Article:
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Posted by David Johnson on January 3, 2013
It's a little-known fact that both Southwest Airlines and the (soon-to-be) famous Yee-Haw Pickle Company began life on a cocktail napkin. What better medium to illustrate why Windows Intune should be on your radar as an I&O leader or professional?
In the late 1990s, no one could have imagined what PC management would eventually entail in an always-on, always-connected world. Those of you who know me, know that I've either managed or marketed 3 different client management product lines in my career. All of the vendors in the space, including Microsoft, have spent the last 15 years trying to make it easier to manage Windows PCs on an enterprise scale, for utility, security, business continuity and performance.
A mess? I'd say! I spoke with a mid-sized oil company a few weeks ago about their client management tools, processes and maturity. They use only a fraction of System Center Configuration Manager (SCCM) 2007's capabilities. The weekly patch cycle and packaging alone are a full time job for one person, and endpoint protection and remediation are still wishlist items. Half of their assets sit at the end of satellite links 50 miles from the nearest towns and they have a fleet of trucks manned by a small army of techs dedicated to just fixing PC problems over 5 big western US States. Expensive? You bet. Ineffective? Absolutely.
A large US banking firm I spoke with for recent research has 300,000 PCs under management, and a team of 100 people dedicated to various daily tasks, not including the administration and maintenance of their SCCM environment. Our data shows that the average lifecycle cost of managing and supporting a PC user is a whopping $1763 and holding steady YoY in the data. Even if they can cut that figure in half, that's an all-in cost of $265M over a typical 3-4 year lifecycle, plus the PCs themselves. The data also show that firms spend a full 24.8% of their hardware and IT infrastructure budgets on PCs and PC operating systems, and it's still going up. In a world where the Windows operating system now runs on just 30% of the connected devices employees use every day, this level of cost and complexity is clearly no longer sustainable.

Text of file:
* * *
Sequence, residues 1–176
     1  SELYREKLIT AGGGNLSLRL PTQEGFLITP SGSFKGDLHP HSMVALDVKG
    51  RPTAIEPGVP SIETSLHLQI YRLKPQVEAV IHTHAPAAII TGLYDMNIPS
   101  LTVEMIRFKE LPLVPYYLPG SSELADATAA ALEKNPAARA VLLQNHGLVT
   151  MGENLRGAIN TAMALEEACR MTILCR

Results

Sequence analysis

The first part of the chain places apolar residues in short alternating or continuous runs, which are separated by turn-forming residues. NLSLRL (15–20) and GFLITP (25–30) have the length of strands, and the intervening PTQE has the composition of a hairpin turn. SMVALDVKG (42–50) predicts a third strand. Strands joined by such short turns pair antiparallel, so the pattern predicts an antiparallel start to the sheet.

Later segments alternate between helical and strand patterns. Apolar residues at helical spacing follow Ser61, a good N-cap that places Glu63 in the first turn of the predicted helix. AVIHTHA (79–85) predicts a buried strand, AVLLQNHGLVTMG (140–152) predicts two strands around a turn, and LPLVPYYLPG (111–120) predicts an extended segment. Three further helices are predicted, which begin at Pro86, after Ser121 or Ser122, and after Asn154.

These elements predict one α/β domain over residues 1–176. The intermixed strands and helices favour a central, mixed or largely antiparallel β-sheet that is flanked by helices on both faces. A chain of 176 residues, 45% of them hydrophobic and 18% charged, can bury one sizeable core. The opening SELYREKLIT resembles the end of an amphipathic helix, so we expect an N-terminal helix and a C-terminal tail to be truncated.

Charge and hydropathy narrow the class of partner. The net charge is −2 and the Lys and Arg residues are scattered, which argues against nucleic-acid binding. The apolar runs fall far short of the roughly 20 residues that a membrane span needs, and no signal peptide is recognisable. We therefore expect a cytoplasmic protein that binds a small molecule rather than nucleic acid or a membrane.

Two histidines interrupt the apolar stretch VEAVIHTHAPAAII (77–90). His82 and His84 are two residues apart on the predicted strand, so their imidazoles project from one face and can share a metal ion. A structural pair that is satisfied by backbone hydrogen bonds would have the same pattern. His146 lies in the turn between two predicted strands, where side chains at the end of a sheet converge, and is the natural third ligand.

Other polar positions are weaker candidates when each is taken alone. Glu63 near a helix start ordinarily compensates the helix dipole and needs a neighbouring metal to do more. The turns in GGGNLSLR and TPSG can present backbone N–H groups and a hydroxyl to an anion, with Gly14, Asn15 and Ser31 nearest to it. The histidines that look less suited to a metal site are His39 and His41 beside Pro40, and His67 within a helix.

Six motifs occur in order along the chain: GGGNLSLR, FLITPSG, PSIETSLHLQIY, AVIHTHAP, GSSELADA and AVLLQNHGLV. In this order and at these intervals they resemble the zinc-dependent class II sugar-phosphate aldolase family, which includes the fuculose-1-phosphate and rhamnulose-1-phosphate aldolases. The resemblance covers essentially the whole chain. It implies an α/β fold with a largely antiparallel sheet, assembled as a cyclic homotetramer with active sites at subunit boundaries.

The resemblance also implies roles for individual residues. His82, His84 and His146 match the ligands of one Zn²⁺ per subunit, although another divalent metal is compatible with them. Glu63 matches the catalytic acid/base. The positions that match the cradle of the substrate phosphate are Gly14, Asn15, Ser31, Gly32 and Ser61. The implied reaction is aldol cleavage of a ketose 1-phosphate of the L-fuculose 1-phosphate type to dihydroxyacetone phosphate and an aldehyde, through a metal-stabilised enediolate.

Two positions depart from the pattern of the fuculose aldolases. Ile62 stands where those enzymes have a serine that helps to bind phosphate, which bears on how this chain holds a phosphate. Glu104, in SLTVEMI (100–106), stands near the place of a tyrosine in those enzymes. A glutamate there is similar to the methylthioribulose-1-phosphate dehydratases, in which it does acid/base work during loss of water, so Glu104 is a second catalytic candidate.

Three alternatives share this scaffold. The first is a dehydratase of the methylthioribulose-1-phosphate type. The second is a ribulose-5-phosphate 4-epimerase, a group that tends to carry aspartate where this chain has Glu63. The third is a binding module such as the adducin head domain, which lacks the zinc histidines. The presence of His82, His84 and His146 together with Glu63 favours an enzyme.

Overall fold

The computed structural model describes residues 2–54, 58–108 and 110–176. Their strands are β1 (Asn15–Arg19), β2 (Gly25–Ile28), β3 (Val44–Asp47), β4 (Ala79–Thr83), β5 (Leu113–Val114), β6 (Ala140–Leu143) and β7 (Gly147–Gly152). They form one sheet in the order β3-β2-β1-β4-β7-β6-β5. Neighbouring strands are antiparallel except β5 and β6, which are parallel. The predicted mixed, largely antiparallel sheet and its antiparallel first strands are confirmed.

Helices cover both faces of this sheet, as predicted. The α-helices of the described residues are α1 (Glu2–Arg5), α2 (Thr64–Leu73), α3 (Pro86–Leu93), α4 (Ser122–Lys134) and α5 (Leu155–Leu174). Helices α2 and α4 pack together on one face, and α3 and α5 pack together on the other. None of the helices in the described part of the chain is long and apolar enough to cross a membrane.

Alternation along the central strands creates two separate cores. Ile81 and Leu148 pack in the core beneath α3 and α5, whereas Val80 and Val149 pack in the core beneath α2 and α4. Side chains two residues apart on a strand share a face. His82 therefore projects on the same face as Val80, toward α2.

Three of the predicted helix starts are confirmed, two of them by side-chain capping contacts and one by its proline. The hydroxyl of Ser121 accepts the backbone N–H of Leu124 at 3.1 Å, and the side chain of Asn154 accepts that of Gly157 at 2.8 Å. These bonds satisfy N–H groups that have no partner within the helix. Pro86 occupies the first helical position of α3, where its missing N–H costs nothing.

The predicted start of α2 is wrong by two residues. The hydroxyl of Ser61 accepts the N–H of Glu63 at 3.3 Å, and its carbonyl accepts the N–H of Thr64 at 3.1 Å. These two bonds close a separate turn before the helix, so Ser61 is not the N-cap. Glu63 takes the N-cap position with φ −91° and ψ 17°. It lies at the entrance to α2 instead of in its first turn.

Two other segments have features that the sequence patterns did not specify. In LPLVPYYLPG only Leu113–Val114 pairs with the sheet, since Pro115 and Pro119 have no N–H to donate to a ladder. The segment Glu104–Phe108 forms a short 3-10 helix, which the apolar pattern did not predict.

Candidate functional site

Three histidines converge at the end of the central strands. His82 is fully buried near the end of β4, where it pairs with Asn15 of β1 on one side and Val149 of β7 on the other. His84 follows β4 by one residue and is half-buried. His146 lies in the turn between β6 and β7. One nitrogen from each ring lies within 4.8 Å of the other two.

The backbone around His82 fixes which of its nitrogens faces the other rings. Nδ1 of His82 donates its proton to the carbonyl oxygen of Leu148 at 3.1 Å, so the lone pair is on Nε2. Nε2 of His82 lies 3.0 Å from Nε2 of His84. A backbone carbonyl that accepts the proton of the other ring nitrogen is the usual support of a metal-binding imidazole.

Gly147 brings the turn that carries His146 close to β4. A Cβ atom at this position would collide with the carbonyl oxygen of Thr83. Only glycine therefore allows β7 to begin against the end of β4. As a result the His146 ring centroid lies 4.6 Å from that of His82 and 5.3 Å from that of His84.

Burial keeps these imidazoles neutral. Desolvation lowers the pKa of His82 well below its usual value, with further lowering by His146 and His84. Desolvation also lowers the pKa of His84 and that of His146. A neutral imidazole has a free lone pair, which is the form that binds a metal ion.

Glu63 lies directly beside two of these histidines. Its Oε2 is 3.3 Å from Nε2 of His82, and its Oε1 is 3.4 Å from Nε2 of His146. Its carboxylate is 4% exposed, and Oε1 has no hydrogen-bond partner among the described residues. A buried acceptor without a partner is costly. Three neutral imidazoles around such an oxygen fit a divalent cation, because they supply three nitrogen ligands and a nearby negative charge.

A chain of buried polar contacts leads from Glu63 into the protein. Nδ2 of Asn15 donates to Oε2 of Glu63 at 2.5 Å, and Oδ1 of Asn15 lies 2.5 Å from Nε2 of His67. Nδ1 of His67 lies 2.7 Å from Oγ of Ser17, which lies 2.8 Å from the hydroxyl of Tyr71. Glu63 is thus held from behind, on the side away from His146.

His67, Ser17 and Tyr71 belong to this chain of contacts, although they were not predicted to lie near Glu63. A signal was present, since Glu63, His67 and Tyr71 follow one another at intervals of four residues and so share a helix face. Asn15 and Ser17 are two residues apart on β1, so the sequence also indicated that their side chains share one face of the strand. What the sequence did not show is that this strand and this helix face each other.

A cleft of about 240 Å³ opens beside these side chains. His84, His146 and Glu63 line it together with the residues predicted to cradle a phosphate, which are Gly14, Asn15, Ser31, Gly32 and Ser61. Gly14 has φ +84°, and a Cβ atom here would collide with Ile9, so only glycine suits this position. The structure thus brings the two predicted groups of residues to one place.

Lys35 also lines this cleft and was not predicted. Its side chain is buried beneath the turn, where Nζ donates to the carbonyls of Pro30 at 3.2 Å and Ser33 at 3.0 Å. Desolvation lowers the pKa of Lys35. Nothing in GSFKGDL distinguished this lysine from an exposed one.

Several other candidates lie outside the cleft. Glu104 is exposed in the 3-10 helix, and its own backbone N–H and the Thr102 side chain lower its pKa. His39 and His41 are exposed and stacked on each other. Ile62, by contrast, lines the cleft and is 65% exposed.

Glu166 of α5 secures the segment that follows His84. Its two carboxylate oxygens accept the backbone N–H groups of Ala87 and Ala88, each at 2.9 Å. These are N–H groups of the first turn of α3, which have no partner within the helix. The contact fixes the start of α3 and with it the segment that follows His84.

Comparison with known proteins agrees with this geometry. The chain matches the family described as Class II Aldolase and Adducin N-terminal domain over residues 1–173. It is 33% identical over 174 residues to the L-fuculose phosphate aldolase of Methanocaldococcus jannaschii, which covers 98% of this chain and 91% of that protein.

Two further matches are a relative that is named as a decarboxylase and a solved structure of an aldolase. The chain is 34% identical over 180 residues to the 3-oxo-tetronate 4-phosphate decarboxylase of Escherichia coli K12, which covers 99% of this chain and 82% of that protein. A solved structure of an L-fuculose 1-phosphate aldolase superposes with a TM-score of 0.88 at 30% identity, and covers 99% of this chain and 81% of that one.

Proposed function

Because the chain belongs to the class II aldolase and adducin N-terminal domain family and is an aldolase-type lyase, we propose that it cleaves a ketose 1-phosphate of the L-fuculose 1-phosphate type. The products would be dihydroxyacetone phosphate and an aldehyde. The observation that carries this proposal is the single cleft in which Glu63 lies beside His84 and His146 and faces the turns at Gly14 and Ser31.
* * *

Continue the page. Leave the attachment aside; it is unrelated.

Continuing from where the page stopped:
Microsoft probably understands this and they're making fast strides with Windows Intune to help firms get their PC and mobile management costs under control. As you likely know, Intune a cloud-hosted service that provides a solid set of management features, without all of the on-premise infrastructure and complexity. It doesn't do everything yet, but for at least small firms and departments within larger organizations, it does just enough. I've been watching it grow over the past 2 years and I love it. It has the potential to change the management game, and it's also the only management tool for Windows RT. The only thing better would be an OS overhaul to eliminate the need for so much management in the first place, but that's a discussion for another day.
Just for fun, I did some "back of the napkin" analysis on what's involved in planning, deploying, operating and maintaining an on-premise SCCM infrastructure vs. Intune and came up with some rough but still useful results. I based my analysis on the book System Center Configuration Manager 2007 Unleashed, by Kerrie Meyler, Byran Holt, and Greg Ramsey, and also from best practice planning and deployment guidance on the Microsoft website, for both SCCM and Windows Intune. The results are below. It's not a comprehensive list, but it does help illustrate the level of work required to deploy and maintain an on-premise tool like SCCM vs. Windows Intune. Of course I realize that Configuration Manager 2012 makes further improvements, but most of the things I list here would still apply.
On the left are the lifecycle activities for System Center Configuration Manager and on the right, Windows Intune. As you can see, Intune is a *MUCH* simpler proposition, and it will soon manage iOS and Android devices at the API level. It's brilliant. Best of all, if you're an SCCM shop today, Intune is an inexpensive add-on that allows you to begin transitioning clients away from SCCM to Intune.
What It Means: It's time to start getting I&O out of managing the PC management infrastructure, or at least start taking drastic steps to get cost and complexity under control. After all, if your business is all about getting people from on place to another, or making the tastiest pickles this side of Utah, managing PCs is pure overhead.
If you're actively evaluating or already using Windows Intune for production, I'd love to hear from you. What have you learned and what's missing?
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